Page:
Tuesday, October 23, 2007

Autumn time, and the living is cold.

Films watched this week:

A Common Thread
Claire Moutiers is an emotional, unusual teenager with a head full of curly pre-Raphaelite hair a serious predilection for embroidery. She also happens to be pregnant. The film follows her journey as she gives up her humdrum job in a supermarket to work for famous sequinist Mme. Mélikian, who is mourning the loss of her son.

Directed with meticulous detail by Éléonore Faucher and with gorgeous scenes of the two women working on a piece of embroidery, A Common Thread is quite slow-moving and definitely goes with its own pace, but it’s a seriously beautiful movie encompassing themes such as maternity, creation and loneliness. 

Lola Naymark is terrific as the mercurial, feisty lead, and you find yourself rooting for her throughout, even if you don’t know her that well. And there is an unbelievably erotically charged scene where the love interest (played by Thomas Laroppe) kisses a highly pregnant Claire near a tree which is pretty much my highlight of the whole movie.

A Streetcar Named Desire
When I first saw this film in 2003, I completely fell head-over-heels in love with Marlon Brando, the art of acting, and movies. Having studied the text for English Literature AS and had to sit an exam on it (“Stella is also a victim. Discuss.”), I feel I know the text quite well, and am truly amazed with what Brando did with Stanley.

Actually, in many ways, he presented Stanley in too nice a light; in several scenes he lacks the edge of maliciousness that Stanley Kowalski had in the novel and his choice to tell Mitch seems more about Blanche’s history seems to genuinely be out of concern for his mate rather than a personal vindication, but, considering all the moral codes of the 50s, Elia Kazan really manages to stay as true to the play as he can, and the film contains two of the best male and female performances of all time.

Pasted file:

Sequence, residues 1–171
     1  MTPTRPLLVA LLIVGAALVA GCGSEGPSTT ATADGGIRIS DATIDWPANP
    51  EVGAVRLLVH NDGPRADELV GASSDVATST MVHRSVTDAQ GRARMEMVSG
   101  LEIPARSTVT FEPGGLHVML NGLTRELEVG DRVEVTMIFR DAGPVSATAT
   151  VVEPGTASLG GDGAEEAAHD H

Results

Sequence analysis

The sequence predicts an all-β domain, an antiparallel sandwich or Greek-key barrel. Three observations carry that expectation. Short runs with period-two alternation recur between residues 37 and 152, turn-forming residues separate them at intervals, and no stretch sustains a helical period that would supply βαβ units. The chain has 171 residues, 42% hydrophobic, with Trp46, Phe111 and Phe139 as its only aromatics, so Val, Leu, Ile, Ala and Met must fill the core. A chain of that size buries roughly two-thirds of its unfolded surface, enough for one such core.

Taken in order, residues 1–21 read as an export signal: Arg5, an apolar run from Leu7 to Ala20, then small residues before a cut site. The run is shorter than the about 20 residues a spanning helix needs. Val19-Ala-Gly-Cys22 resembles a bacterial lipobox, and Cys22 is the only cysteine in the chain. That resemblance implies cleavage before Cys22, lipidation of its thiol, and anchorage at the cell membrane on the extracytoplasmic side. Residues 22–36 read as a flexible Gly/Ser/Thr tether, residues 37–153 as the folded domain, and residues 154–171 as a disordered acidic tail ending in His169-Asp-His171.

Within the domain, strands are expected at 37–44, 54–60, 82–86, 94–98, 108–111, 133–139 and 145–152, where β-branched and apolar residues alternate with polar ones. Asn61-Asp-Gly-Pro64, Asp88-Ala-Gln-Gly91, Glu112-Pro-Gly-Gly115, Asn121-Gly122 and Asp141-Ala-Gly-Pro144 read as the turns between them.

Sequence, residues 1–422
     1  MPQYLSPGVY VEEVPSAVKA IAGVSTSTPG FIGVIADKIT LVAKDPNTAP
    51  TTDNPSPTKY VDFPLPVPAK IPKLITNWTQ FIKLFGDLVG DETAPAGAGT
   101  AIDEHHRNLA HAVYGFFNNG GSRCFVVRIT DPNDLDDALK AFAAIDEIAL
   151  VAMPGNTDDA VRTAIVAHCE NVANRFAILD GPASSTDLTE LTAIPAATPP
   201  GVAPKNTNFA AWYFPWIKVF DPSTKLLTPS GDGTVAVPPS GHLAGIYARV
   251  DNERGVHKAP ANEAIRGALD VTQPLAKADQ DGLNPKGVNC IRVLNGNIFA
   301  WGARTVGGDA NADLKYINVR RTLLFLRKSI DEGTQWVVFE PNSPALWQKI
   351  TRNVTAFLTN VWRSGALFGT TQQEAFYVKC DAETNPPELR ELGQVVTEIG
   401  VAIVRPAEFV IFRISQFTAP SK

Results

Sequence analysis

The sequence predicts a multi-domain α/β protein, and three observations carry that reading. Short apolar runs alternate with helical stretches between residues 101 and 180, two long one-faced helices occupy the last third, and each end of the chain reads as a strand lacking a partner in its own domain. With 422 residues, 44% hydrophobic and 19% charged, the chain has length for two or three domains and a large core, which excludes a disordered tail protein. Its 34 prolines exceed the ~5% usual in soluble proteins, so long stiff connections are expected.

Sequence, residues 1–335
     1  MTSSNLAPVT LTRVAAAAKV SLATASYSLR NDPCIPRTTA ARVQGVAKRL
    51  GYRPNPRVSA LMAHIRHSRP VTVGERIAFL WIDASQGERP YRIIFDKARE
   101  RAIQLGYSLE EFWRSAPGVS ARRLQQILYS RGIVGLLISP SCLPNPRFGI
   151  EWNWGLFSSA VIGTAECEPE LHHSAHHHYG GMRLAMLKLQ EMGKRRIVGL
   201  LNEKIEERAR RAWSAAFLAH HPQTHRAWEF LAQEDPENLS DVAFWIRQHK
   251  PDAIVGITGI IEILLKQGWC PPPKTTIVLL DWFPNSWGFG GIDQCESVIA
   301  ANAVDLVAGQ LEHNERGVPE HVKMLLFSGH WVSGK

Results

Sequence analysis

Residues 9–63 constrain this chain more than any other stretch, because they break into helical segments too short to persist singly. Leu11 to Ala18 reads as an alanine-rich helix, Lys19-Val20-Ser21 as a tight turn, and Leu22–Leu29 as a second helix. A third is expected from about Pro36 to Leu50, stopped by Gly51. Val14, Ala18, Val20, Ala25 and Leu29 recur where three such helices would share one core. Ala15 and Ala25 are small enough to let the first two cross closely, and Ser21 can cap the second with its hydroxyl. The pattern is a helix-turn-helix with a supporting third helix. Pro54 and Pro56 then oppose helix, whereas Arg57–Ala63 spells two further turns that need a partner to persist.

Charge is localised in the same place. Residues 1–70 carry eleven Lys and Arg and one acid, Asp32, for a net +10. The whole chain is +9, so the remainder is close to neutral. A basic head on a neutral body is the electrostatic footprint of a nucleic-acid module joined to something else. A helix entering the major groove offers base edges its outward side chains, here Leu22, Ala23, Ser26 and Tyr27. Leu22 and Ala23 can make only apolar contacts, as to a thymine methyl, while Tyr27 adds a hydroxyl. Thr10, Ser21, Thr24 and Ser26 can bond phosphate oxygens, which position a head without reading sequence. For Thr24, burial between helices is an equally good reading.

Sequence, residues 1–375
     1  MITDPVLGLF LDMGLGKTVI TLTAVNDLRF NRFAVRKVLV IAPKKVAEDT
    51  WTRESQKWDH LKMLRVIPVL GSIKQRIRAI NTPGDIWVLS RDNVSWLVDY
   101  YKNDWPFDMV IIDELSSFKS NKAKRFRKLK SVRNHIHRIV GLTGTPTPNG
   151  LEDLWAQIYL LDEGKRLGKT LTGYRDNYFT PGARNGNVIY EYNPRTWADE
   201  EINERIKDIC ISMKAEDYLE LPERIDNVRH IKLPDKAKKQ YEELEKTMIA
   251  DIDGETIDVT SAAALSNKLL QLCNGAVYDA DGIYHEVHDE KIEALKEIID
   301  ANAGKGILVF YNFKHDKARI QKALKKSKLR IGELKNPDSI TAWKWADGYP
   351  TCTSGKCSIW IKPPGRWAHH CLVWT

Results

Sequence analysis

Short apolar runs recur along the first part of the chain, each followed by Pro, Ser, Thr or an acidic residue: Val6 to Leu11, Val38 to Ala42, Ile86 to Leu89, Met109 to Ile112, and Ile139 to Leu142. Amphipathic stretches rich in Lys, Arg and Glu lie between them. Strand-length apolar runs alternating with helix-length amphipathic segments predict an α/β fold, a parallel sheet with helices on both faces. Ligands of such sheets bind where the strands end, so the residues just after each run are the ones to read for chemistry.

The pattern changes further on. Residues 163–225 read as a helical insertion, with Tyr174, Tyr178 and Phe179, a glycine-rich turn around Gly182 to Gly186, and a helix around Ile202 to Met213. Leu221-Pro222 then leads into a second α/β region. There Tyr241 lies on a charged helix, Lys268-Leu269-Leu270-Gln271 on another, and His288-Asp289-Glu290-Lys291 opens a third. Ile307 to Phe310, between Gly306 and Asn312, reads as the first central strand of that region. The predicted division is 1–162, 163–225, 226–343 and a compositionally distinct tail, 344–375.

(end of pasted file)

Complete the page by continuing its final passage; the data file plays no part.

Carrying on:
Breakfast at Tiffany’s
We had my favourite actor, now let’s talk about my favourite actress, the Goddess that is Audrey Hepburn. Breakfast at Tiffany’s has everything that I love about New York, Henry Mancini's score is a classic (Audrey singing Moon River is one of the most iconic moments in cinema), and 99% of the supporting players are likeable (Mickey Rooney is my second least favourite Rooney of all time; his racist “performance” is a joke.)

The film hasn't aged well (it is not acceptable to have a Caucasian play an East Asian character, and a stereotype of one at that), but is still worth watching for Hepburn's movie-star charisma alone.

Far from Heaven
I love the lushness and richness of the set design so much in this movie that I have to watch this every October to relate to the falling leaves and glorious colours in the movie.

Technicals aside, this is also one of my favourite movies for emotional reasons; the story of Cathy Whitaker, the “perfect wife” whose life slowly falls apart in front of her as she discovers of her husband’s interest in men is heartbreaking as it is engrossing, and Julianne Moore transcends as Cathy, giving one of my favourite performances of all time.

She’s a joy to watch from start to finish, and in particular, he scenes 24’s Dennis Haysbert tingle erotically with the unsaid. Oh, and Elmer Bernstein’s score is beautifully evocative of the era.

Autumn Sonata
A truly magnificent film, and I love it more than many if Bergman’s more critically acclaimed ones, such as The Seventh Seal. A powerful and almost unbearable tense drama on family, inadequacy and playing the piano, Liv Ullman is so incredible that she even outshines Ingrid Bergman. 

The late night showdown between the mother (Bergman) and Ullman (daughter) is one of the most painful and draining scenes in cinema history. 


Anonymous said...
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RJ said...

It's so sad that no one has ever managed to make a decent version of "And Then There Were None" on film.

J.J. said...

I love Autumn Sonata. It's my favorite of Bergman's too.

WatchingStar said...

Thomas Newman is awesome. I love his work on American Beauty more then the film itself.